George Osborne and Iain Duncan Smith have clashed over the chancellor’s plans to soften the impact of tax credit cuts by raiding the budget for Universal Credit.
The Centre for Social Justice (CSJ), which was founded by Iain Duncan Smith, insists that the Chancellor could use this month’s Autumn Statement to ease the impact of the controversial changes without risking his drive for a budget surplus.
In a critical report, the thinktank warned against taking money from Duncan Smith’s flagship Universal Credit scheme to sweeten the tax credit pill. Duncan Smith said that he’s concerned that the raid will serve to “undermine people’s incentive to work.”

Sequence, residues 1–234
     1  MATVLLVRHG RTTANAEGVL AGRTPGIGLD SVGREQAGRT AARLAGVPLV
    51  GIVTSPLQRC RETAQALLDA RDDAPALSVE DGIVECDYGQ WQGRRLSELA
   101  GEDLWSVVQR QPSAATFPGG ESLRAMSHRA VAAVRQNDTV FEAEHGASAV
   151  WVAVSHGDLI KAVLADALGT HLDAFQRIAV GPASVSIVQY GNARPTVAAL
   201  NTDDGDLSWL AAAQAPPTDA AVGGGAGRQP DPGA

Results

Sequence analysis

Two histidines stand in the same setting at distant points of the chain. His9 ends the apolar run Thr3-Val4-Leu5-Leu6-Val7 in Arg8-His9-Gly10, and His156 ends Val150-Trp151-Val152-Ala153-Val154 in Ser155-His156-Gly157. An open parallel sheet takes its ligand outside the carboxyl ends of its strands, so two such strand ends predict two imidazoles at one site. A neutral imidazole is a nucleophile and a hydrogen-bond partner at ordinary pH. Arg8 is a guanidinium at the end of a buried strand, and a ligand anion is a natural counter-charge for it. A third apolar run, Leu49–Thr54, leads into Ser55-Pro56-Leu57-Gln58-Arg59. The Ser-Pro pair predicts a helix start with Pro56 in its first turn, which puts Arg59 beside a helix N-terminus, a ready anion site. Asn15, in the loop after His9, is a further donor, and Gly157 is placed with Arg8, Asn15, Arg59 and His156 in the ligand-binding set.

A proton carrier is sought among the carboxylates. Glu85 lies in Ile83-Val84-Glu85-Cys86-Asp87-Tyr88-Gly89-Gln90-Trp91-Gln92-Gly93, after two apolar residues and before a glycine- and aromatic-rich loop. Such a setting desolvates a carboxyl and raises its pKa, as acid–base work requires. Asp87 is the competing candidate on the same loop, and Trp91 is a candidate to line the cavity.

The CSJ said in their report that the UC reforms meant by 2020 only 9% of those currently getting tax credits would still be receiving them.
Instead, it was suggested that the Government could “help people to work more hours” or introduce a transitional fund for those hardest hit.
But Osborne is nonetheless preparing to fund plans to soften the impact of tax credit cuts by making people claiming Universal Credit forgo as much as 75p of every extra pound they earn. At present Universal Credit recipients lose 65p for every extra pound they earn. Osborne is thought to be examining plans to increase the figure, known as the “taper”, to 75p.
The most expensive course of action would be to only impose the tax credit cuts on new claimants – but the authors note that it would have the “least social and political cost”.
The chief executive of the Centre for Social Justice, Baroness Stroud, who is a former special adviser to the Work and Pensions Secretary said: